Hayley Kiyoko Says Cops Warned Her Not to Include Drag Queens in Her Nashville Show

She did, and praised the drag performers' bravery, but asked how "we navigate these absurd threats and laws against our community."

Hayley Kiyoko Says Cops Warned Her Not to Include Drag Queens in Her Nashville Show
Photo:Kristy Sparow (Getty Images)

Hayley Kiyoko, the lesbian pop icon, performed in Nashville on Monday as part of her nationwide tour, and despite the state’s new law restricting drag performances, she brought drag queens on stage to perform with her. The law is currently held up in court, but Kiyoko says it was used to intimidate her nonetheless.

In an Instagram post on Wednesday, Kiyoko discussed the events leading up to the performance, telling followers that undercover law enforcement officers attended her sound check and warned her against including drag queens in her show.

“The past 48 hours have been an emotional rollercoaster, to say the least,” Kiyoko said. Facing the camera, she told followers that she had attended a drag show in the city on her day off, “had the honor of being brought on stage,” and then invited some of the queens to perform at her concert. The following day, at a sound check, Kiyoko said she was “getting ready” and “was really excited to bring out some incredible drag performances,” when an undercover cop confronted and told her that, because the show was all-ages, featuring drag performers would come at significant legal risk. “So we’re trying to figure out if there’s a workaround or what the situation is, but this is fucked up,” she said through tears.

Kiyoko said she told the drag performers of the cops’ warnings in case they wanted to back out, but they “showed no fear and said they wanted to continue with the show and come out on stage.” The show went on as planned, but Kiyoko said she was still disturbed with how things had gone down.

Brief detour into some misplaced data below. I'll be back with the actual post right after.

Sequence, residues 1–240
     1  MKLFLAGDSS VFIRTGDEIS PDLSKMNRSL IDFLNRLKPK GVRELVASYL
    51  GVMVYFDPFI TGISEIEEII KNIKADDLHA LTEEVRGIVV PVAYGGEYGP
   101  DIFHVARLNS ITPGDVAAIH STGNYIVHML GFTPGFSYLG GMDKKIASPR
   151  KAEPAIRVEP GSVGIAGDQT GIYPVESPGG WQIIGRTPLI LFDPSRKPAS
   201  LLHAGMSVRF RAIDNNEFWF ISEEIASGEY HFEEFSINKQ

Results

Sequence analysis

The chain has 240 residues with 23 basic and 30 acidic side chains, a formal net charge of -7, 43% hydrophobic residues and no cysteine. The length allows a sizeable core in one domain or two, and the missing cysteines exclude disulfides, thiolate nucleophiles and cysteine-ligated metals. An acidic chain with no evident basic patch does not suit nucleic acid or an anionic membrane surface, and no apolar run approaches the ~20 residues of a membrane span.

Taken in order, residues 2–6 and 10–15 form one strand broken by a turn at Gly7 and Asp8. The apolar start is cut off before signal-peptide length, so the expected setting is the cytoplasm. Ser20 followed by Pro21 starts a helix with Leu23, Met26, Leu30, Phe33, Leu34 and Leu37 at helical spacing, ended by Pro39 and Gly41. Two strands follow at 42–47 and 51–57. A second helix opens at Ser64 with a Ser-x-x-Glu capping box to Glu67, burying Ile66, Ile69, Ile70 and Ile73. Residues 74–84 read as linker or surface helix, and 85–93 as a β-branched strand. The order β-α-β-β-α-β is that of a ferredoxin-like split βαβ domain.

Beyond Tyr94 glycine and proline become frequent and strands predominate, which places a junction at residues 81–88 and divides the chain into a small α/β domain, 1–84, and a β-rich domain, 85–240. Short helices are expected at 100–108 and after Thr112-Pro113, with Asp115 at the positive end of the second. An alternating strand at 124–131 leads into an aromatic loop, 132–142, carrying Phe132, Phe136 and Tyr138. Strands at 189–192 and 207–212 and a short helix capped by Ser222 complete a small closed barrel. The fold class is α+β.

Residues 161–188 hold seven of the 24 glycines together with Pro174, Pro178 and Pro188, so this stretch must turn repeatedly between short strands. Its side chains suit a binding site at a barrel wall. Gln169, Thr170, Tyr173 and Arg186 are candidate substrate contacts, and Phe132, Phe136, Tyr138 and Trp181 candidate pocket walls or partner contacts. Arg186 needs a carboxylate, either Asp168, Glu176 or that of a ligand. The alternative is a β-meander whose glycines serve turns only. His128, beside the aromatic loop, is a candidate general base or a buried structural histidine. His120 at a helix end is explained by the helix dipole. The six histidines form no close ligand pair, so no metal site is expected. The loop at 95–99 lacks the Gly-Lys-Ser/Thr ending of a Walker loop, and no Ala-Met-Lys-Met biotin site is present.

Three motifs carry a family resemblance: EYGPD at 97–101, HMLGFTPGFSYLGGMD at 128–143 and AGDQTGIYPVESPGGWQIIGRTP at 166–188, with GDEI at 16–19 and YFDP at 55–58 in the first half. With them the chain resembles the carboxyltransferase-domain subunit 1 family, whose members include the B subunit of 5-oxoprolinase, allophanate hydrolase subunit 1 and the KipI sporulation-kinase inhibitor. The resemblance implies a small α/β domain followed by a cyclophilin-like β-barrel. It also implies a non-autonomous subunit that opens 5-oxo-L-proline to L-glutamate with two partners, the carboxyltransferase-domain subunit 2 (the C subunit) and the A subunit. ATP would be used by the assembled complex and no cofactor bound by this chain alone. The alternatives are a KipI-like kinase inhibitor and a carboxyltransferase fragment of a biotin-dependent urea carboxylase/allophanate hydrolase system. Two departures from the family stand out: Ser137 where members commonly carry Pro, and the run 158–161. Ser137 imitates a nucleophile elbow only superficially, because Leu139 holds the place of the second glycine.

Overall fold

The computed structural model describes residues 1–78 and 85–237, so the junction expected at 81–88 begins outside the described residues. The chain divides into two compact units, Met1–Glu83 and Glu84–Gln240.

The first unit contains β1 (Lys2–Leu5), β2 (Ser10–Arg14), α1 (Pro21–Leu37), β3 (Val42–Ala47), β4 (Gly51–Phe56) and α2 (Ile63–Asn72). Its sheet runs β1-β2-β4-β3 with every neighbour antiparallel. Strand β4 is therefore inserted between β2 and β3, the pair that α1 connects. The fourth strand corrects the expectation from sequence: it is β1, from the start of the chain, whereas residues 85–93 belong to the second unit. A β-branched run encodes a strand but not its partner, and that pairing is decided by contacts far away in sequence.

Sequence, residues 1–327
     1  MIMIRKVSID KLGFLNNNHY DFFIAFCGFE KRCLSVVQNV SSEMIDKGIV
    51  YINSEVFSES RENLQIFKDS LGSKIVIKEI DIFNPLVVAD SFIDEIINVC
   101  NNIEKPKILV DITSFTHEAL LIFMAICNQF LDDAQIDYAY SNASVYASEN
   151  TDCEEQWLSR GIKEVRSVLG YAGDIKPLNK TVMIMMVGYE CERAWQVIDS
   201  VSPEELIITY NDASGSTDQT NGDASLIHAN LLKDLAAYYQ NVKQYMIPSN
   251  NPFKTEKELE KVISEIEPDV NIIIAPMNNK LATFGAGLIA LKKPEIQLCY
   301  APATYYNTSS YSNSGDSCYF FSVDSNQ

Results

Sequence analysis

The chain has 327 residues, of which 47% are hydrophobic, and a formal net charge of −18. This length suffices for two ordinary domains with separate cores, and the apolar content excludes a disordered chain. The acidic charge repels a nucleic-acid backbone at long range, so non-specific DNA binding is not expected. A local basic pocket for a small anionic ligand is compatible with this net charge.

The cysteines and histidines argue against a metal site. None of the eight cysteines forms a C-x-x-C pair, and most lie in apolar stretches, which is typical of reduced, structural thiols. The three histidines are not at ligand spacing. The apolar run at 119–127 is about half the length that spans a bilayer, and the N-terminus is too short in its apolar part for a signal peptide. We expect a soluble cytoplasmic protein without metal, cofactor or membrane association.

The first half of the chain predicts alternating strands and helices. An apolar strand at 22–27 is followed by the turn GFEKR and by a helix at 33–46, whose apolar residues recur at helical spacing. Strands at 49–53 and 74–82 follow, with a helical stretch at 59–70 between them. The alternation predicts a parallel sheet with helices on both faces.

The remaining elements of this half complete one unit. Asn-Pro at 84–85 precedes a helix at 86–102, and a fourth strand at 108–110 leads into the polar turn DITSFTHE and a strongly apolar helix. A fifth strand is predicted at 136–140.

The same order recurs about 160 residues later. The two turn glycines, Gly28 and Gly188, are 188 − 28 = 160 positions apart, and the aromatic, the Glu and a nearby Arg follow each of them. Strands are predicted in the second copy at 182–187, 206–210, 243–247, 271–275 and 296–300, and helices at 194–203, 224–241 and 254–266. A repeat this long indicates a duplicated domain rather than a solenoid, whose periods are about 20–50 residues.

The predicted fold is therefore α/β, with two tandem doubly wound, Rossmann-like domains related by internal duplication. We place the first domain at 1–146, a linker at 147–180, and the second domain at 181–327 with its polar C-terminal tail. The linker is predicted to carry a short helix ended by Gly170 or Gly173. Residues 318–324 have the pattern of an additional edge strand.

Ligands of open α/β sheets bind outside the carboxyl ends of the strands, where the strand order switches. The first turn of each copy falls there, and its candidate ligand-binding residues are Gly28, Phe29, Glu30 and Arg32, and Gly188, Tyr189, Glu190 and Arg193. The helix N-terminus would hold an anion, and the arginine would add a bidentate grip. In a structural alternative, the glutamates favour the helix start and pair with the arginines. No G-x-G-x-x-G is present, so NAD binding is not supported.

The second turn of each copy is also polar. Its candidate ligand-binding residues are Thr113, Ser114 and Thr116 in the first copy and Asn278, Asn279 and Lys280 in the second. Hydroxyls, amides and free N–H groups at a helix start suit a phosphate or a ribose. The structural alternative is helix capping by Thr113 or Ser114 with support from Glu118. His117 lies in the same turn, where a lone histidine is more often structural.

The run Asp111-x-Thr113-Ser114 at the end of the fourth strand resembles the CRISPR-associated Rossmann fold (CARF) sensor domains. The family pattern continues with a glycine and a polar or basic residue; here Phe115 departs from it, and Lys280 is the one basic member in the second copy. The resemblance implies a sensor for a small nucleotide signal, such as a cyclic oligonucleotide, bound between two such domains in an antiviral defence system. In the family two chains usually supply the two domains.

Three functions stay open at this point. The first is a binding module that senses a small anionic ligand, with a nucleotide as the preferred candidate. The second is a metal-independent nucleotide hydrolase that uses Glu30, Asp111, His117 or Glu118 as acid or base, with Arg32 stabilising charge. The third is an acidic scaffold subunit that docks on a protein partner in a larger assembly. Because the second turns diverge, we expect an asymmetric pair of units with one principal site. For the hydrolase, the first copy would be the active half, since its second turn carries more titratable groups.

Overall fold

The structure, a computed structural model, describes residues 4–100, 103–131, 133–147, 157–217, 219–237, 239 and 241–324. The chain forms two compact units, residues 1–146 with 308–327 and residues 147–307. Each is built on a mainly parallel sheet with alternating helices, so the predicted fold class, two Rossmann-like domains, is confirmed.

“I never want to put anyone in a position to be at risk or in danger in any way. But also where is the line of being silenced? How do we navigate these absurd threats and laws against our community?” she said. “I find pride in making sure my concerts are safe places for all. How can I do that if we aren’t allowed to be ourselves, especially at a predominantly queer concert? We deserve to have a safe space to be ourselves while we navigate the evil that is threatening our own existence.”

In February, Tennessee Gov. Bill Lee (R) signed a bill that classifies drag performances as a misdemeanor punishable by a $2,500 fine and even up to one year in jail. Shortly before it would have taken effect in April, a federal judge stayed the law through May 26. People reported that a spokesperson for the Nashville Police Department denied Kiyoko’s claims, directly citing the temporary stay.

If Nashville cops did confront Kiyoko, an openly queer artist with a largely queer fan base before her show, it’s part of an alarming trend of state agents targeting and surveilling LGBTQ performers and, in Kiyoko’s case, attempting to censor their speech and expression through intimidation. In March, we learned Florida sent undercover agents to a holiday drag show to surveil drag performers and queer attendees, too.

Amid these chilling and uncertain times for queer and trans people, it’s never been more important for artists to step up and do their part—whether, like Madonna, they’re donating proceeds from their Tennessee shows to trans advocacy organizations, or, like Kiyoko, rising above right-wing intimidation tactics and fostering supportive queer environments.

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